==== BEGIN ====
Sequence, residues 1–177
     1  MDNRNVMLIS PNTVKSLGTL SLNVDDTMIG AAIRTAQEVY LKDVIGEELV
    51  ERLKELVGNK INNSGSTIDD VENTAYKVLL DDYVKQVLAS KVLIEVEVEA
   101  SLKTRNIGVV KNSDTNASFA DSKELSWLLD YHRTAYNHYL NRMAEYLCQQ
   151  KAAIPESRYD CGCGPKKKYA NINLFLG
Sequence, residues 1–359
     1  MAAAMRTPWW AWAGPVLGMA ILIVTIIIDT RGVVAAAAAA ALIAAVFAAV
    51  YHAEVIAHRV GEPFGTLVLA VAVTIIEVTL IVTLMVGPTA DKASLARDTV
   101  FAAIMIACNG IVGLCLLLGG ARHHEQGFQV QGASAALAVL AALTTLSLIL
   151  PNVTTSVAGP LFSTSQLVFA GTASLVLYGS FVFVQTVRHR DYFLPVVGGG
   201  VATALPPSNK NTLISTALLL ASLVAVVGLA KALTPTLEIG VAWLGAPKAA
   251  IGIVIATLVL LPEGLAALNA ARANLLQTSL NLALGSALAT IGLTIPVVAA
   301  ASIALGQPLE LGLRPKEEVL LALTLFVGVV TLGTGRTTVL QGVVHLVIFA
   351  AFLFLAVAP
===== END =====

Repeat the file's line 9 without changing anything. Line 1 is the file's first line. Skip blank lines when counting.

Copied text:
   101  FAAIMIACNG IVGLCLLLGG ARHHEQGFQV QGASAALAVL AALTTLSLIL